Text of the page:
Sunday, December 05, 2004

Defeat the Hayden Resolutions

Dear Colleagues:

I am writing to ask you to oppose Dr. Robert Hayden's proposed resolutions for the 2004 American Anthropological Association (AAA) Annual Meeting. These resolutions are here and here.

This is a critical time, in which we can and should evaluate the AAA's mission(s) and the role of the Executive Board (EB). However, these resolutions limit discussion rather than facilitate it. Further, they border on sanctioning the AAA EB for the widely-supported, ethical stance they took in moving the Annual Meeting from the the San Francisco Hilton during the worker lockout.

There are three reasons to oppose these motions:

1) Opposition to the "corporate culture" of the AAA has been clearly voiced in the past several weeks. The language of both of Dr. Hayden's resolutions supports further corporatization of the AAA and clear prioritization of fiduciary over ethical responsibilities.

A full accounting of the costs of the move to Atlanta must be done. Likewise, while there are questions as to the soundness of the AAA Counsel's advice and the actions of the AAA leadership regarding this advice, it is not clear that the EB or the membership would benefit from training the EB in corporate law. Neither an accounting of the recent move's costs nor actions regarding the AAA EB and the AAA Counsel should be conducted under the terms suggested in Dr. Hayden's resolution.

2) Although Dr. Hayden cites the AAA Mission Statement and the Long-Range Plan in his proposed resolutions, he chooses his citations in a manner that depict an Association that few among us would recognize. He, correctly, points out that the "duty of corporate officers runs to the corporation in support of achieving its stated goals," yet he chooses carefully among the goals of the AAA. He has left out the portions of the Mission Statement that refer to the goals of "the dissemination of anthropological knowledge and its use to solve human problems" and "represent[ing] the discipline nationally and internationally, in the public and private sectors." Further, in choosing only these two documents, Dr. Hayden neglects the Code of Ethics of the AAA, the AAA Declaration on Anthropology and Human Rights, and the goverment relations and public policy efforts of the Association.

The cumulative effect of AAA and other groups moving meeting business out of San Francisco MEG hotels built political pressure which resulted in an end to the lockout. This is entirely consistent with the goals and efforts I cite above.

3) Just as there is no "value-free" science, there is no position that the AAA can take that leaves us out of the labor struggle so long as we continue to hold conferences.

The AAA has two options -- to oppose labor's efforts or to get behind them.

Roughly one-third of the hotel industry's business in the US comes from conferences held by groups like academic and professional organizations, labor, and progressive clergy. Although business and vacation travelers make up almost two-thirds of hotel business, these consumers are increasingly fickle. Hotel chains count on our return business -- as witnessed by the contracts we've maintained with Hilton and Marriot over the years and into the next decade. Academic conferences alone account for more than $65 million in hotel business annually. We also tend to spend more money on ancillary services like audio-visual equipment than business and vacation travellers.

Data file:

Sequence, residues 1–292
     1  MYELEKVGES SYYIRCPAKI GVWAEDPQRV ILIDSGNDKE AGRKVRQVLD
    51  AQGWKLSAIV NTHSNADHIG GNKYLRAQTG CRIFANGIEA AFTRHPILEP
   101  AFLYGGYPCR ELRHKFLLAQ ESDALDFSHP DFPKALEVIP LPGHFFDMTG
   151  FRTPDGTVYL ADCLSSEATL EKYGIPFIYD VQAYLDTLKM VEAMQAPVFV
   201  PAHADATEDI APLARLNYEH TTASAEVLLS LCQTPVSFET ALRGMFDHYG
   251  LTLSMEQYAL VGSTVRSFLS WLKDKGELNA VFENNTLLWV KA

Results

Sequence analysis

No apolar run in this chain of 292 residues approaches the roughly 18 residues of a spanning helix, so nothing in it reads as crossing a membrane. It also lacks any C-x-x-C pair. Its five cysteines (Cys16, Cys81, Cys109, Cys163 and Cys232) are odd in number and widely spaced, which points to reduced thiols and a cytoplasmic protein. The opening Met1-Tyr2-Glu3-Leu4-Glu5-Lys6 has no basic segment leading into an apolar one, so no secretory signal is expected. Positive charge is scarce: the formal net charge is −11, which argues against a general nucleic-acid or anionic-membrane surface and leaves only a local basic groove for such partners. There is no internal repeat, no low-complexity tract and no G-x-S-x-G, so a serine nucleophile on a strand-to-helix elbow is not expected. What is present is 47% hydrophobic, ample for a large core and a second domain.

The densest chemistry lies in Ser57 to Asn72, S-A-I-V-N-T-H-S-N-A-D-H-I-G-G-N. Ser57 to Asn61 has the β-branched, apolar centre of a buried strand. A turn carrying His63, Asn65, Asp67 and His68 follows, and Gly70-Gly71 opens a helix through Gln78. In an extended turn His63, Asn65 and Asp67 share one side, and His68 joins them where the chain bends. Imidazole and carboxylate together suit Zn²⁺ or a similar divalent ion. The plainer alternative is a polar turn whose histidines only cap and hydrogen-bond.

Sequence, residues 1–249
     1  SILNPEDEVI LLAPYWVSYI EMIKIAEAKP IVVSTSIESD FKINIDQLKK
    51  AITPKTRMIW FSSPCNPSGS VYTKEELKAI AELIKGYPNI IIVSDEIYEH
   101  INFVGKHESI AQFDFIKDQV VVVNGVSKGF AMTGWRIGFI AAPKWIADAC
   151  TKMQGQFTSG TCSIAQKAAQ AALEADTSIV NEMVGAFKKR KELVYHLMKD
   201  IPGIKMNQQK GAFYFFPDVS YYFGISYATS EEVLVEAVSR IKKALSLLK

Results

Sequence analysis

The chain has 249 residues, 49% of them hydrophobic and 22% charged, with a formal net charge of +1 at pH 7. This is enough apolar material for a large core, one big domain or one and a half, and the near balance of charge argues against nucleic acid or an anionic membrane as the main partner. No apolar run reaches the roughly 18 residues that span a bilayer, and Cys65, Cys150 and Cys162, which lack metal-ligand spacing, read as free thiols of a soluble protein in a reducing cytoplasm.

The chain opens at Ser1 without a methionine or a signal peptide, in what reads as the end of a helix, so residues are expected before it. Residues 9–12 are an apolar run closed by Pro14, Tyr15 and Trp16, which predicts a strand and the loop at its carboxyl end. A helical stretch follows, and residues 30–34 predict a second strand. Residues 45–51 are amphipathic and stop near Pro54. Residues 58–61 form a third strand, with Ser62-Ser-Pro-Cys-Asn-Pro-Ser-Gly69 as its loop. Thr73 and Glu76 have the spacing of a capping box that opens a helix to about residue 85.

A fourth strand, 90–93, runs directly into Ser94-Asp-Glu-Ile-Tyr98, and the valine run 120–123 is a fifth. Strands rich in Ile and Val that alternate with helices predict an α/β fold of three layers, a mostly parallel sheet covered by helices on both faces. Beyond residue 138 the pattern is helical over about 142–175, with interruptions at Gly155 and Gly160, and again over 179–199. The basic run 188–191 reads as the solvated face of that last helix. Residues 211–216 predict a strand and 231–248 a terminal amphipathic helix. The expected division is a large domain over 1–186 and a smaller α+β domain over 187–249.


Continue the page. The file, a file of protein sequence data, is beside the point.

The struggle continues, at both Local 2 -- as they negotiate their contract and fight to retain healthcare and pension benefits, fair working hours and jobs -- and throughout the industry -- as an effort to strengthen collective bargaining and the right to organize in the form of nationally coordinated contract negotiation.

UNITE HERE has developed a strategy that puts pressure on the employers without putting hotel employees at risk. This offers us the opportunity to, as Leith Mullings has called on us to do, use our relatively privileged position as academics to solve people's real problems. While it is odious to many of us to discuss inequality and suffering inside the Grand Ballroom of some corporate hotel, moving out of these hotels takes away from the power we can bring to bear on these very hotels. By using this leverage, UNITE HERE has been able to get "card-check neutrality" agreements to unionize new hotels. What this means is that they use the economic leverage of the AAA, the ASA, the NAACP, and others to increase worker opportunities for organizing. In this way, vulnerable workers have not had to deal with the employer intimidation that comes with organizing in the US.

The success of this strategy can best be seen in UNITE HERE's history of organizing the gaming industry in Las Vegas. Over the course of a decade, the city's union workforce grew from 10,000 to 45,000, making it the most densely unionized city in the US.

The AAA can (and in my mind should) be central to the realization of these efforts. Defeating this resolution is one step in the right direction. EB passage of the restriction of all conference business to union hotels is another.

In solidarity,



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